Success can be fleeting. Everyone wants to capture lightning in a bottle, but if you can’t keep it on the shelf why bother?
Repeat successes demonstrate a strong team or player. Can you harness that talent consistently?
Credibility is more than just winning repeatedly. It’s also about stability, the belief that you can not only count on someone (or a brand) to perform for you, but also when you need them, now and in the future.
One of my friends from Georgetown used to say showing up is half the battle. He meant that performance was part of the equation, but so was the simple fact of everyday presence.
Markets need stable players they can rely on. Always strong, these blue chips can be trusted as service providers, as sources of intelligence, as persons/organizations that can help. They offer lightning when you need it.
Building the Business for the Long Term
When I look back at Livingston Communication and then Zoetica, I regret selling the first company. If I had the fortitude to make it through that period… But, at the same time those experiences made me understand the value of stick-to-itness. You can’t change yesterday.
People ask me if I am excited about Tenacity5 Media. Excitement is not the right word. I am having fun, but my enthusiasm is tempered with a healthy sense of realism.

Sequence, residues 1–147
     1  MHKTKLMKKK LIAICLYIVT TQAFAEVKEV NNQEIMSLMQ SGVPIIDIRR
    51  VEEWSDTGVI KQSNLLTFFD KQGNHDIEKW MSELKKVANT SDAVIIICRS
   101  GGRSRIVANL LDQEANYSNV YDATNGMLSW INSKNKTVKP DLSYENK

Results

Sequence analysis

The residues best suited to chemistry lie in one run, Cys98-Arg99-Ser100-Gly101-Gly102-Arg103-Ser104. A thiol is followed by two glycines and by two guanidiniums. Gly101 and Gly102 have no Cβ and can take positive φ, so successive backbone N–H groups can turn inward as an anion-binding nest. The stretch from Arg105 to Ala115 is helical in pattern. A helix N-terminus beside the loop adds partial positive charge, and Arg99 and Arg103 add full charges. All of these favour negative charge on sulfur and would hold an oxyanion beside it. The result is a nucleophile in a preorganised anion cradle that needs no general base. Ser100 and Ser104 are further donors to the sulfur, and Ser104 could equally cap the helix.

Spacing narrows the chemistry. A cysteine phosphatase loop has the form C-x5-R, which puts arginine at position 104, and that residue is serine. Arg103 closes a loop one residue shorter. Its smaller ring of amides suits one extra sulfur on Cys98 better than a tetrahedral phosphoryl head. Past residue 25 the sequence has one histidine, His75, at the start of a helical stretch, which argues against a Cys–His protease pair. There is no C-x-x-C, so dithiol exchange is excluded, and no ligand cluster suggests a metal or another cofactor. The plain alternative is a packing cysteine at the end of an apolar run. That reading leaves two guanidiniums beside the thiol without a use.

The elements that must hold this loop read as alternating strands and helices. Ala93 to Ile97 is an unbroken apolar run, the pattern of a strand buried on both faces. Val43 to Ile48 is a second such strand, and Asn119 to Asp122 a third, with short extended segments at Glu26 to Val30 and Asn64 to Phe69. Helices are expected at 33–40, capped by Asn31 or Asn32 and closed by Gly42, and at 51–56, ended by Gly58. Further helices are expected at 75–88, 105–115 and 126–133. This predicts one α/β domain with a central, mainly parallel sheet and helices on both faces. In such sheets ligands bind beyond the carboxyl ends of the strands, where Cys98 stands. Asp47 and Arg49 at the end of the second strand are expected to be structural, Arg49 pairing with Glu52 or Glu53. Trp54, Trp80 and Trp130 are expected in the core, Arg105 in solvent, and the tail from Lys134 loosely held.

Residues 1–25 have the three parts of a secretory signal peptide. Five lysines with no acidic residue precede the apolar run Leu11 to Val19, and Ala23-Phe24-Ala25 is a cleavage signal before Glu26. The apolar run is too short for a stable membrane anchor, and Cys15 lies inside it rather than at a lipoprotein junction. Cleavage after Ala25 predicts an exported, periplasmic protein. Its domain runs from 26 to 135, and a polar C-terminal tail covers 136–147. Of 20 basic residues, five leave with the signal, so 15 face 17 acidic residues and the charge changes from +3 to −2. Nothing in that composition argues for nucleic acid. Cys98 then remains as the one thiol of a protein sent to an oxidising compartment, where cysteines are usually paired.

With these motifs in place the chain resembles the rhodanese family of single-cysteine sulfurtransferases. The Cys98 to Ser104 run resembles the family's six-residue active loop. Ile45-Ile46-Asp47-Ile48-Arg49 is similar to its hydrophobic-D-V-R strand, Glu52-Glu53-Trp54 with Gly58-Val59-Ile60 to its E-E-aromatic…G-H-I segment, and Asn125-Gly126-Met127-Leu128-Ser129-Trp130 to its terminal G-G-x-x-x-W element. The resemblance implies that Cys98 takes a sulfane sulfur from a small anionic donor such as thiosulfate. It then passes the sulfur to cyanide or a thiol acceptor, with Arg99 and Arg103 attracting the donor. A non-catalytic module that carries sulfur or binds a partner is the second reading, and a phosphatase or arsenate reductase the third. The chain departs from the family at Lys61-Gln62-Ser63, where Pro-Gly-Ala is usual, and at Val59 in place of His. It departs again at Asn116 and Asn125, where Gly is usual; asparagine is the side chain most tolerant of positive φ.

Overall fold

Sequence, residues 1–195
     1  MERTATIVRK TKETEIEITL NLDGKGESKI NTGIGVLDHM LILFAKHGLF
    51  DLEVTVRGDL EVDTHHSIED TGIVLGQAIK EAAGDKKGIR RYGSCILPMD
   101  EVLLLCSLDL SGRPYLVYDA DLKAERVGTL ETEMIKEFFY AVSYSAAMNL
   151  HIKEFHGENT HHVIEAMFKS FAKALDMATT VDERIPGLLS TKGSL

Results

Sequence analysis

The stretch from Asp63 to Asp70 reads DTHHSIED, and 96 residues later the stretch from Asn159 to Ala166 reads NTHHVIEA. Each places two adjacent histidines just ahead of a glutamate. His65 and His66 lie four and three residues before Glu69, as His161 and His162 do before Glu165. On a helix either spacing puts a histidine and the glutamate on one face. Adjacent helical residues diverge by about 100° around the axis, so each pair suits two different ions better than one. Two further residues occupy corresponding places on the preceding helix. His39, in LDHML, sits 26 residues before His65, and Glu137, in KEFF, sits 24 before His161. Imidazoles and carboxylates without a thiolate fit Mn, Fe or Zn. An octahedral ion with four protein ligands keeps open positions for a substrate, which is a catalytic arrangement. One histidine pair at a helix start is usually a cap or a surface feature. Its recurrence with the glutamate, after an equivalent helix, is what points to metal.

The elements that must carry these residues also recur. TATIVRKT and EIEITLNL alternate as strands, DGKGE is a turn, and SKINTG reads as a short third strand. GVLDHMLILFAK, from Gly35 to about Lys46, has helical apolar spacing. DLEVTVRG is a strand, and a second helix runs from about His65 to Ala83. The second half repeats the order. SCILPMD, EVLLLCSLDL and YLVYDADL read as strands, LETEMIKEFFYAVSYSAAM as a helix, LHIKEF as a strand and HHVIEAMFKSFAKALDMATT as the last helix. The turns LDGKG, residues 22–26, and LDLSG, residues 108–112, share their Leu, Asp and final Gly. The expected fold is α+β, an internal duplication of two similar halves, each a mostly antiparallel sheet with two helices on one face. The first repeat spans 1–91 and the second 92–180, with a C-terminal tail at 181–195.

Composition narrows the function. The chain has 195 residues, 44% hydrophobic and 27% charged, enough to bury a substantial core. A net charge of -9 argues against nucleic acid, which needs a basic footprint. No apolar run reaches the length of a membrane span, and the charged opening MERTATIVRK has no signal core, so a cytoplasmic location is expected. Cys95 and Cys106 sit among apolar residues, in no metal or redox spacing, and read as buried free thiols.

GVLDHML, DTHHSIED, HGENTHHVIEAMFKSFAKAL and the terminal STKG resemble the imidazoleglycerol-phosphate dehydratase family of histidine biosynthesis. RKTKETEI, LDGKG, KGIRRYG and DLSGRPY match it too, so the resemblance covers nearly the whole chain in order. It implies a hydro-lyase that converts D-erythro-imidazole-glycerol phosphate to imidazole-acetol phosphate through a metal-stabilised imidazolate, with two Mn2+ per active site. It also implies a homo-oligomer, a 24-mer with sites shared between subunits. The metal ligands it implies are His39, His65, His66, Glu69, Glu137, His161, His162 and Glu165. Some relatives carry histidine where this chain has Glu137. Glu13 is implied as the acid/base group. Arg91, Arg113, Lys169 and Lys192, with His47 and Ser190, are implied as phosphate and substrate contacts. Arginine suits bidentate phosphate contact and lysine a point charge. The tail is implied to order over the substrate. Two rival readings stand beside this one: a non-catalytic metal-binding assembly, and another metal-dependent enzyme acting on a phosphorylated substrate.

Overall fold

After two start-ups, I am conscious of what it means to build a business. It takes at least five or ten years to really develop something worth keeping. There are many late and sleepless nights (I typed this line in at 11:54 on a Saturday night, for example). There is a constant tension of investment versus cash flow. There are periods of intense work. This is what stops me from being excited. I know what lies ahead.
The good news? There is no disillusionment. I look forward to meeting these challenges.
It is how I imagine a marathon runner must feel before they start their race. You don’t get crazy about the first mile. You envision the whole race, and are ready to finish it. All of it. The hills and valleys will still be there, they’ll just be less dramatic.
This is about building a stable services team for the long-term. Talk is cheap, and I get that. So let the walk do the talk.